SYDNEY, AUSTRALIA —
The International Court of Justice in the Hague hears opening arguments Wednesday in Australia's case against Japan's whaling program in the Southern Ocean. The Australian government is hopeful court action will stop Japan's annual hunt, but Tokyo is expected to mount a vigorous defense of its whaling program.
Australia started legal action against Japan’s annual hunt in the Southern Ocean in 2010 to stop what it calls the “illegal” and “unnecessary slaughter” of thousands of whales in the icy waters of the Antarctic.
Canberra says the hunt breaches international laws, including a global moratorium on commercial whaling, and has no relevance to marine conservation.
Japan maintains that its activities are legal and have genuine scientific and cultural objectives. It has granted itself a “scientific permit,” which is permissible under rules drawn up by the International Whaling Commission.
If the court sides with Australia, the justices could order Japan to scale back its whaling operations to the point where they are no longer viable.
“Ultimately, Australia really wants to stop the annual whale [hunt]," said Professor Donald Rothwell from the Australian National University. "But even if it does get a decision out of the court in which the court puts a number on the whales that can be taken by Japan for scientific research purposes, that number may be so small that it just makes it completely economically unfeasible for Japan to continue its current whaling operation.”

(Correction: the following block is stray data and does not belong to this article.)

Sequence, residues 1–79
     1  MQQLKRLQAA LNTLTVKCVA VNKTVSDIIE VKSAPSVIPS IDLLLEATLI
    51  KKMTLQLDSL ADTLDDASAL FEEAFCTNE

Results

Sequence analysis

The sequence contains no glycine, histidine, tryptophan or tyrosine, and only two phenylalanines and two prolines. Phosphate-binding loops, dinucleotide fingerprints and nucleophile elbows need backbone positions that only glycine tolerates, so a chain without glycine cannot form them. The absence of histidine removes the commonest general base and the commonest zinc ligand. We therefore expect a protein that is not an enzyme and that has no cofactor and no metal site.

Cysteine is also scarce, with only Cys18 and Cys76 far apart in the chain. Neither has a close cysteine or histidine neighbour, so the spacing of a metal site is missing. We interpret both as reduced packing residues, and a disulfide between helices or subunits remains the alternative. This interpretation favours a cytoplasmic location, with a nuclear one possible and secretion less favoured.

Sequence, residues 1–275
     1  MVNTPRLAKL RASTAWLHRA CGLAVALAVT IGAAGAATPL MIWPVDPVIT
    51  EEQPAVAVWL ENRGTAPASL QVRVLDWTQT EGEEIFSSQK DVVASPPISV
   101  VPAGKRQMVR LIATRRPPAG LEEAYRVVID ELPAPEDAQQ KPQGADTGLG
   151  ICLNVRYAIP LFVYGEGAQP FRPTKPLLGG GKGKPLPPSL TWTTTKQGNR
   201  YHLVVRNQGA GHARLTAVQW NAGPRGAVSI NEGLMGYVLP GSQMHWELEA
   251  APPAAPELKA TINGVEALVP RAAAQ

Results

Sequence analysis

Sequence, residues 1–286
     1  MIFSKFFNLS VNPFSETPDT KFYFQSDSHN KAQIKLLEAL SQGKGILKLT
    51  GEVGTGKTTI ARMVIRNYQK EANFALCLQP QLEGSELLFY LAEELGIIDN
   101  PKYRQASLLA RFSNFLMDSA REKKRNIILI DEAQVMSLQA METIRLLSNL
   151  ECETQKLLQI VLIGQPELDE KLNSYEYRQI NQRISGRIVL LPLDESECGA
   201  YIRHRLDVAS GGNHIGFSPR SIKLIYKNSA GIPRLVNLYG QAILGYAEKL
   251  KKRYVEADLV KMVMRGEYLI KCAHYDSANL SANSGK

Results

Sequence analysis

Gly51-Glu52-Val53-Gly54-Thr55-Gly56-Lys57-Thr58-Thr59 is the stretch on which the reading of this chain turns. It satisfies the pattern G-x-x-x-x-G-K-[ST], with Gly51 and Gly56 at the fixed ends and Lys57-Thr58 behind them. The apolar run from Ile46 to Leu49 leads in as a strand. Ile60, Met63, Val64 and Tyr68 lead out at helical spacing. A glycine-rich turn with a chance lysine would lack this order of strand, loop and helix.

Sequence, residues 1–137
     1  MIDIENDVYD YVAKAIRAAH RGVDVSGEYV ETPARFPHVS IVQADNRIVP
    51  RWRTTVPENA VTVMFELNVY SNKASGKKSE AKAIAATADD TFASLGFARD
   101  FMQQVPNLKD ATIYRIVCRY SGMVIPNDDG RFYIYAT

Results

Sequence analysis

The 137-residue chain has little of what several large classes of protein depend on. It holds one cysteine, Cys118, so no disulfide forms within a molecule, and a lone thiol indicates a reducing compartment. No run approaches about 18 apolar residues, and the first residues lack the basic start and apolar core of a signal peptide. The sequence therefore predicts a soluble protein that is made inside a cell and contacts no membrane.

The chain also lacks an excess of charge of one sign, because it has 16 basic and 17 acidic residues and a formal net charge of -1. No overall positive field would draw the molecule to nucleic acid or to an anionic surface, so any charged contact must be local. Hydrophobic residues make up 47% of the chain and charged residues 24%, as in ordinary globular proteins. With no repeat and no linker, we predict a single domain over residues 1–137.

There has been a ban on commercial whale hunting for a quarter of a century, but Japan aims to catch about 1,000 whales each year for what it calls research.
Japan's Ministry of Foreign Affairs says the hunt is an essential way to conduct surveys of “biological parameters," such as the age composition, sexual maturity and pregnancy rate” of whales. Critics argue there is little more Japan can conclude about sustainable whale populations after carrying out its research in the decades since the international moratorium was established.
Officials in Tokyo also stress there are compelling cultural reasons for the annual hunt, which they say is of” socio-economic significance” to some of the Japanese small coastal communities hit by the ban on commercial hunting.
Japan also insists its whaling operations are ecologically sustainable, and it does not hide the fact that the resulting meat is sold commercially. Tokyo defends the practice of eating whale meat as a culinary tradition. Sales proceeds partially pay for the whaling program.
Australia will be supported by New Zealand at the International Court of Justice. Experts say its decision, which could come by the end of the year, will be legally binding.
The annual hunt in the Southern Ocean has also seen increasingly heated confrontations between the whaling fleet and conservationists in recent years.
Court papers say Japan killed some 6,500 Antarctic minke whales between 1987 and 2005, after the moratorium came into effect, compared to 840 whales for research purposed in the 31 years prior to the moratorium.